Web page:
Greece’s international creditors will put their own final proposal for a cash-for-reform deal to avert a Greek default to euro zone finance ministers for approval on Thursday after Athens let a deadline pass, euro zone officials said.
> one senior European official said.
The lenders had given leftist Prime Minister Alexis Tsipras an ultimatum to come up with a credible reform plan by mid-morning (0900 GMT), saying they would otherwise send their own version to Eurogroup ministers.
The dramatic move came hours before European Union leaders meet in Brussels for a summit on migration, the long-term future of the euro zone and renegotiating Britain’s membership terms, that has been overshadowed by the Greek debt crisis.
A Greek official said Athens was standing by the proposals submitted on Monday with the inclusion of some modifications made during negotiations this week.
The heads of the European Commission, International Monetary Fund and European Central Bank set Tsipras the deadline to come up with a new, workable proposal of reforms to unlock new funding and avert a debt default next Tuesday.
Tsipras left European Commission headquarters smiling and flashing a thumbs-up sign after three hours of meetings on Thursday but made no comment.
Euro zone finance ministers, known as the Eurogroup, were to meet again at 1130 GMT after cutting short a meeting on Wednesday evening because there was no draft agreement to discuss.
Diplomats said the lenders’ tactics reflected exasperation at Tsipras’s refusal to compromise on key reforms of pensions, labour markets, wages and taxation, which cross his Syriza party’s self-declared >.
Greek officials close to the talks say the government has already compromised on its red lines by offering to raise taxes and pension contributions. They say the lenders showed a lack of will to do a deal by changing estimates of how much each measure they propose could raise, making it difficult to come up with an acceptable offer.
Without a cash-for-reform deal in the next 48 hours, the chances of Greece averting a default to the IMF look slim.
Failure to repay 1.6 billion euros owed to the IMF on Tuesday could trigger a bank run and capital controls, followed by a slide out of the single currency area.
Austrian Finance Minister Hans Joerg Schelling, a hardliner on Greece, said the ultimate deadline for a deal was Sunday, a day before a German parliament sitting that would have to approve the release of aid to meet the IMF payment.
> Greek politicians in Tsipras’ party continued to be defiant.
> Nikos Filis, Syriza’s parliamentary spokesman, told Mega TV.
He said the Greek side was maintaining its insistence on debt relief as part of any accord, in comments that were echoed by Labour Minister Panos Skourletis.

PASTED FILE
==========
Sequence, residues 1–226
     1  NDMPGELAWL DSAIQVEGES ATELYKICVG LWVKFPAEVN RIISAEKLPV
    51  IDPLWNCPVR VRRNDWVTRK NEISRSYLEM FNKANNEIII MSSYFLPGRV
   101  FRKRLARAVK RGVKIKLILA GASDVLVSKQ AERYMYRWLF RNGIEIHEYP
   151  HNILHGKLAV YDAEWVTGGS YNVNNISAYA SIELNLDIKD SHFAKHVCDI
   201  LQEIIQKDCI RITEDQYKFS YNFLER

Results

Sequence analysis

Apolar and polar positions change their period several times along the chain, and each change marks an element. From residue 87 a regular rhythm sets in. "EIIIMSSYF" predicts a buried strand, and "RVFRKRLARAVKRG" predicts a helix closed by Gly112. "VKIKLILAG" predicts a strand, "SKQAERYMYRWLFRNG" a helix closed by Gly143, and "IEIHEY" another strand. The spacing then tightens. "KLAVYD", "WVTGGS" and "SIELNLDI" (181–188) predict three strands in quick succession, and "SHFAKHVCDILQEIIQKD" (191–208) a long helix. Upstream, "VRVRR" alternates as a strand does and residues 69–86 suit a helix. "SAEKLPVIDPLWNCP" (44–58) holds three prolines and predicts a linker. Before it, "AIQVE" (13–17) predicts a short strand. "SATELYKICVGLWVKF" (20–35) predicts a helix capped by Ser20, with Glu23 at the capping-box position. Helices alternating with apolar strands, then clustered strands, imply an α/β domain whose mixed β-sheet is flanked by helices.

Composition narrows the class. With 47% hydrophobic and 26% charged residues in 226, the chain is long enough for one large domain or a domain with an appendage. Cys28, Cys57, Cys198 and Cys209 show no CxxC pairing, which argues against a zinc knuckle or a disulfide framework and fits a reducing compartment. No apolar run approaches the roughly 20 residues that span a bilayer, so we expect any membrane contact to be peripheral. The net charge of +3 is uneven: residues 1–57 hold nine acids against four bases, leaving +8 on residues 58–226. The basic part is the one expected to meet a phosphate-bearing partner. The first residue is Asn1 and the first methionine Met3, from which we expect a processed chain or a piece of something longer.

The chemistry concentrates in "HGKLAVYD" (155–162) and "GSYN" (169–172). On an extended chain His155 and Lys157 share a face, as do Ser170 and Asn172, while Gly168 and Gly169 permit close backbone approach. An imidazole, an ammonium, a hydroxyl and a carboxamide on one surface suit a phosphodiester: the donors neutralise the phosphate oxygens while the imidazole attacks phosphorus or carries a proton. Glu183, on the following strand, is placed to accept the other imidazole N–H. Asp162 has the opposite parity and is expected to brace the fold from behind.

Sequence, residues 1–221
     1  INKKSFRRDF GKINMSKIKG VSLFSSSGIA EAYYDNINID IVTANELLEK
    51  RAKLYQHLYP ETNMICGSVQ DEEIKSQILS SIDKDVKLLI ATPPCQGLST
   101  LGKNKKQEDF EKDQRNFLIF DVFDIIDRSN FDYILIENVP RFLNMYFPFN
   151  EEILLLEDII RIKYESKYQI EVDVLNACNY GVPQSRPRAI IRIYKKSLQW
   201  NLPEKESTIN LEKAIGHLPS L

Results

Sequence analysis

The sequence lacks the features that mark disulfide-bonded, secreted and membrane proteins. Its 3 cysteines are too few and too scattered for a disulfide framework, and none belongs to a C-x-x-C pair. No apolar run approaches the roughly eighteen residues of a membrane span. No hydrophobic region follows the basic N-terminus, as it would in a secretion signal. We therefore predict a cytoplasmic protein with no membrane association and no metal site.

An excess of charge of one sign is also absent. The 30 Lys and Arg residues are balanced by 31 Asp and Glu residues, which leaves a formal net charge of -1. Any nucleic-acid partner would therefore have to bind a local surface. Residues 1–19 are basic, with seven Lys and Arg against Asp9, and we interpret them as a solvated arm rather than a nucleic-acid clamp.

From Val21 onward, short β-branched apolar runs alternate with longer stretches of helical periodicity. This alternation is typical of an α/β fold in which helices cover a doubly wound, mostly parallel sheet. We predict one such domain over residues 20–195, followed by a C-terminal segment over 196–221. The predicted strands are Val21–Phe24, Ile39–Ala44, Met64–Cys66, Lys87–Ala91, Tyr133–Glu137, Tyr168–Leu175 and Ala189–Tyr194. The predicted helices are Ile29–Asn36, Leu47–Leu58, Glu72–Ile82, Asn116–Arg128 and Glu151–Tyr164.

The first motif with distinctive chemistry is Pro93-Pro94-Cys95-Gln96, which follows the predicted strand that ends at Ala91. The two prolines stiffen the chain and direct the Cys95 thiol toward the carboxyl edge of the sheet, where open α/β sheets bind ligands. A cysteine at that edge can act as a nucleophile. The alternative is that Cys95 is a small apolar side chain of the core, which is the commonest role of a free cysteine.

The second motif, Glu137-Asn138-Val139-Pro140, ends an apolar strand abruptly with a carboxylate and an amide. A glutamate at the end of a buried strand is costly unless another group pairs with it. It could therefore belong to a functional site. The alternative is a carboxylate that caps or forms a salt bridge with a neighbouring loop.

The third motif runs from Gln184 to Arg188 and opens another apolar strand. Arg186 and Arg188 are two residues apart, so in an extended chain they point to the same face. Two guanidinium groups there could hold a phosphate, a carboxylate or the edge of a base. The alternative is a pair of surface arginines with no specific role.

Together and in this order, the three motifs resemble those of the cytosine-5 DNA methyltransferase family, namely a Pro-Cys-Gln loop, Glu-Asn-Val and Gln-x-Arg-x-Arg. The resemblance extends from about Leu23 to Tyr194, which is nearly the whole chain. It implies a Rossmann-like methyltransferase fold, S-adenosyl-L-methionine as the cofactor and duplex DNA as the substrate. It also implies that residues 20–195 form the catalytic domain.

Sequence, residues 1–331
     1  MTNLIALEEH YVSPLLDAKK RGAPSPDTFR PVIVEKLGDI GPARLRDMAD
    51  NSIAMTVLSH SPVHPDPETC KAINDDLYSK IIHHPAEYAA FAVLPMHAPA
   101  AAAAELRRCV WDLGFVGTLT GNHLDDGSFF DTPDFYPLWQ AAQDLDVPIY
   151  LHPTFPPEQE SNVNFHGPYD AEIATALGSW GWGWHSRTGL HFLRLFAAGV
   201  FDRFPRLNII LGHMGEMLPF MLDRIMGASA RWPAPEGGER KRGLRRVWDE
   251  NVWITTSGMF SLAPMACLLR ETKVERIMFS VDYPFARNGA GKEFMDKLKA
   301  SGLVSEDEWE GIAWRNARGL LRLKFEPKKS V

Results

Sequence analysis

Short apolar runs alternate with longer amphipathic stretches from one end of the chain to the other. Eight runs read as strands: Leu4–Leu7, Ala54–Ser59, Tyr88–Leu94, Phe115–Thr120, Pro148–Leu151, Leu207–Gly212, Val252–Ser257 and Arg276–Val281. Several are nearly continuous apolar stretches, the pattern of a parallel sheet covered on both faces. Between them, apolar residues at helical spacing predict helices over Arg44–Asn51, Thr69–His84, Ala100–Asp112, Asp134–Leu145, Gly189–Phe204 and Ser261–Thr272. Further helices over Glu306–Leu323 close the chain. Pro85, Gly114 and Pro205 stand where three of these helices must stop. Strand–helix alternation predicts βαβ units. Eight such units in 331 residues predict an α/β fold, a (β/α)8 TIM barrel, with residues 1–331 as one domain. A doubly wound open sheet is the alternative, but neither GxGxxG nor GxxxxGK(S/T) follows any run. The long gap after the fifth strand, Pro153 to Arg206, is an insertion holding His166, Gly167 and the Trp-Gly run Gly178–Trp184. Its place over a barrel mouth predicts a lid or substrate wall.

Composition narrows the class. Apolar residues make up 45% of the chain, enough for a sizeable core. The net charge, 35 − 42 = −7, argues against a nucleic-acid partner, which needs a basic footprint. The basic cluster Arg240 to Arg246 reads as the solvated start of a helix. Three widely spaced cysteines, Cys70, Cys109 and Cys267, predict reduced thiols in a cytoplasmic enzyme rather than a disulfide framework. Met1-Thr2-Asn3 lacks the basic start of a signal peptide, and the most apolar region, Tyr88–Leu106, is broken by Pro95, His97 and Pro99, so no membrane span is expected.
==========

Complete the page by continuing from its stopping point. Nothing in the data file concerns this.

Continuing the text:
> Skourletis said in an interview with state broadcaster ERT.
Frustration was palpable on both sides, with one euro zone official describing the loss of trust in the Greeks as > and questioning whether an agreement was realistic given the intransigence from Athens.
In Frankfurt, a source familiar with ECB deliberations said powerful German Bundesbank chief Jens Weidmann had expressed concern about the continued provision of emergency liquidity to keep Greek banks afloat despite deposit flight.
ECB policy-setters held the limit on this emergency funding for Greek banks steady for the second day running after weeks of increases.
Positive signals earlier in the week, when the Greek government submitted a new list of proposals, mostly involving increases in tax and social security deductions, have given way to a growing belief that an accord is slipping away, although seasoned diplomats cautioned that in EU negotiations the situation always seems bleakest before a last-gasp deal.
Negotiators have been unable to produce an agreed draft text due to lingering differences over pension reform, taxation, labour law, public sector wages, the opening of closed professions, and investment.
Among the most crucial unresolved issues are Greek demands for debt restructuring, differences over reforming Greece’s costly pensions system and Athens’ focus on tax hikes versus spending cuts.
The latest Greek proposals, made in a five-page document on Monday, featured a series of tax rises on consumption, businesses and the wealthy, as well as higher contributions to pensions to meet budget targets.
> IMF chief Lagarde told French magazine Challenges on Wednesday.
The more concessions Tsipras makes, the more resistance he will face in parliament within his coalition and on the streets, where recent protests, some organised with Syriza’s support, have underlined opposition to yet more belt-tightening.
> Dimitris Papadimoulis, a Syriza lawmaker at the European parliament, tweeted on Thursday morning.